As my final blog post, I wanted to share sort of a brief recap of what my summer work was. Mainly, it was a lot of reading—sifting through different court cases and establishing a legal timeline for what policies changed when and how partisan gerrymandering evolved into a different entity than racial gerrymandering.
In a nutshell, the Supreme Court first decided to hear cases dealing with apportionment in Baker v. Carr. This case opened the doorway to different kinds of questions appellants could ask the judicial branch of the United States where the law was not necessarily so clear. It wasn’t until later in Reynolds v. Sims where the Supreme Court ruled that districts should be apportioned by equal population. This enforced the “one person, one vote” doctrine, as this would mathematically ensure that no vote in one district was more important, or weighed more, than someone else’s vote in another district. This case also used the Equal Protection Clause under the 14th amendment as the legal basis for equal apportionment. the goal was to make sure everyone’s voice was equally effective.
Now, if everyone’s voice should be equally effective, should race be a factor? In a case called Gomillion v. Lightfoot, African Americans were boxed out of their own city after it redistricted the outer areas outside of the city’s boundaries. This denied African Americans the right to their municipal vote, which resulted in a violation of their equal protection. From this, race was thought to be a factor in that a person could not be excluded from voting, simply because of their race.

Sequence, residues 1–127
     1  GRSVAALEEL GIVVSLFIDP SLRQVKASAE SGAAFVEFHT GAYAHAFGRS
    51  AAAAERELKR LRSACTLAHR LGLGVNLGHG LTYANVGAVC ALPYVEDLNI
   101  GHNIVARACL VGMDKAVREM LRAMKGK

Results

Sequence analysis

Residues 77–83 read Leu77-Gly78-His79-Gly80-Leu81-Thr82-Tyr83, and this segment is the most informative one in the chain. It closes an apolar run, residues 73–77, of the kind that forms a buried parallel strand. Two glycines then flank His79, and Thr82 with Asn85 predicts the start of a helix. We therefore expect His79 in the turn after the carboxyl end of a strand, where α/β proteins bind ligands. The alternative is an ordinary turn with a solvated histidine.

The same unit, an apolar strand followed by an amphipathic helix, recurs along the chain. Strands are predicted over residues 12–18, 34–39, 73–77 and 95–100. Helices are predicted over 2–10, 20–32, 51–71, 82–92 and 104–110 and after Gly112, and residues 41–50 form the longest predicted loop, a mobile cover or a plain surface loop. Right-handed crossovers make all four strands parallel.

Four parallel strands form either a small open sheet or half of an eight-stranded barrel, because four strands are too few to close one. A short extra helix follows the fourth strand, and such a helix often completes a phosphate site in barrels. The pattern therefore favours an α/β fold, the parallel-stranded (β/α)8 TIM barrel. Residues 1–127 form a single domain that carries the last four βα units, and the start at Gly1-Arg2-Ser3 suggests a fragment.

In a later court case, Shaw v. Reno, North Carolina had to apportion an additional seat due to an influx of people— in the early 1990s, Charlotte was predicted to be the next New York City, the Big BBQ as they called it. The state legislature created districts that were minority-majority meaning that they essentially isolated the racial minorities of the population and apportioned them into districts solely because of race. The Supreme Court struck these districts down, claiming that while race may be a factor, it may not be the only factor.
So that begs the question, what counts as a minority? Can partisanship be discriminatory, and would those discriminations fall under the Equal Protection Clause? Well, Davis v. Bandemer answered that question—I mean, sort of. The Supreme Court took the case, which inadvertently meant that this was a question the Court could answer, meaning that it wasn’t too much of a political question that the Court would not take it.
This stance was later obfuscated in later rulings like LULAC v. Perry, where the Texas state legislature redistricted for partisan reasons while simultaneously diluting the Latino vote. The Supreme Court ruled that these districts were in violation of the VRA, an act that protected minorities from having their votes diluted or cast out, and did not violate anything constitutionally on the grounds of partisanship. Cases like this make partisanship gerrymandering a grey area compared to racial gerrymandering. I hope to take a deeper look into Pennsylvania and Texas rulings to see how both states frame gerrymandering within their courts. That will be the focus of my work in the fall.